A further object of the invention is to provide conductor track structures on circuit substrates which contain a comparatively low proportion of nucleating additives.
An additional object is to provide conductor track structures on circuit substrates which stable even at soldering temperatures.
It is also an object of the invention to provide a simple and reliable method for producing conductor track structures.
Yet another object of the invention is to provide a method for producing conductor track structures on circuit substrates in which compounding or injection molding of modern high-temperature plastics is possible.
These and other objects are achieved in accordance with the present invention by providing a conductor track structure on a non-conductive supporting material comprising a metallized layer applied to metal nuclei created by breaking up very finely distributed non-conductive metal compounds contained in the supporting material by irradiating portions of the supporting material with electromagnetic radiation, wherein the non-conductive metal compounds are thermally stable inorganic oxides which are stable and insoluble in aqueous acid or alkaline metallization baths, and which are selected from the group consisting of higher oxides which contain at least two different kinds of cations and have a spinel structure or spinel-related structure, and which remain unchanged in non-irradiated areas of the supporting material. Classic spinels are mixed metal oxides of magnesium and aluminum, but the magnesium may be wholly or partially replaced by iron, zinc and/or manganese, and the aluminum by iron and/or chromium. Spinel-related mixed oxide structures also may contain nickel and/or cobalt cations.
In accordance with a further aspect of the invention, the objects are achieved by providing a method of producing a conductor track structure on a non-conductive support comprising providing a non-conductive support having at least a surface formed of a non-conductive supporting material having at least one thermally stable, spinel-based, non-conductive metal oxide which is stable and insoluble in aqueous acid or alkaline metallization baths dispersed therein; irradiating areas of said support on which conductive tracks are to be formed with electromagnetic radiation to break down the non-conductive metal oxides and release metal nuclei, and subsequently metallizing the irradiated areas by chemical reduction.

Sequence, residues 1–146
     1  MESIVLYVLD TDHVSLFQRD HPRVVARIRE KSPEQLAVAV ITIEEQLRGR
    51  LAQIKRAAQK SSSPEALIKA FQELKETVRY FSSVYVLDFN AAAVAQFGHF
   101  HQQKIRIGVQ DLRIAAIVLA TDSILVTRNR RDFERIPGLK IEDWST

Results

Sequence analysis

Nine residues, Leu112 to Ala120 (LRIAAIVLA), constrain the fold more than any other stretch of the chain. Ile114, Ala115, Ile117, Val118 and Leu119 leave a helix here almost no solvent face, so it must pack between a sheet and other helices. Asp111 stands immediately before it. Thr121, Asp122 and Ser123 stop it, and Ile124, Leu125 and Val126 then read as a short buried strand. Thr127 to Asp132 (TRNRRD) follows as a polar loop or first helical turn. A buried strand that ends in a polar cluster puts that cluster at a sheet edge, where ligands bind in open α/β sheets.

Further aspects and refinements of the invention are described hereinafter.
The invention uses the non-conductive metal compounds of thermally highly stable inorganic oxides which are stable and insoluble in aqueous acid or alkaline metallization baths and which are higher oxides having the structure of spinels or structures that are similar to the spinel structures. As a result these metal compounds can remain unchanged on the surface of the supporting material even in non-irradiated areas. The inorganic oxides used are so resistant to heat that they remain stable even after having been exposed to soldering temperatures, i.e., they do not become electrically conductive and they remain stable in the baths used for metallization. The inorganic oxides used are extremely heat-resistant even with the use of selective laser sintering of plastic powders, which is known per se and which in practice is referred to by the generic term rapid prototyping.
By locally melting the powdered starting material, a component can be produced which is likewise electrically non-conductive and stable in the baths used for metallization. Also feasible is a method in which the component is produced from the liquid phase. The term conductor track structure also includes the borderline case of full metallization, which in electrical engineering is frequently used for shielding purposes.
One preferred embodiment of the invention provides that electromagnetic radiation be used to simultaneously release metal nuclei and effect ablation while forming an adhesion promoting surface. This achieves excellent adhesive strength of the deposited metallic conductor tracks by simple means.
It may be advantageous if the spinel or spinel-related structure contains copper, chromium, iron, cobalt, nickel or a mixture of two or more of the foregoing. Copper may be particularly advantageous.
Preferably, the electrically non-conductive supporting material is a thermoplastic or a thermosetting synthetic resin material. The non-conductive supporting material can contain one or more inorganic fillers, e.g., silicic acid and/or silicic acid derivatives.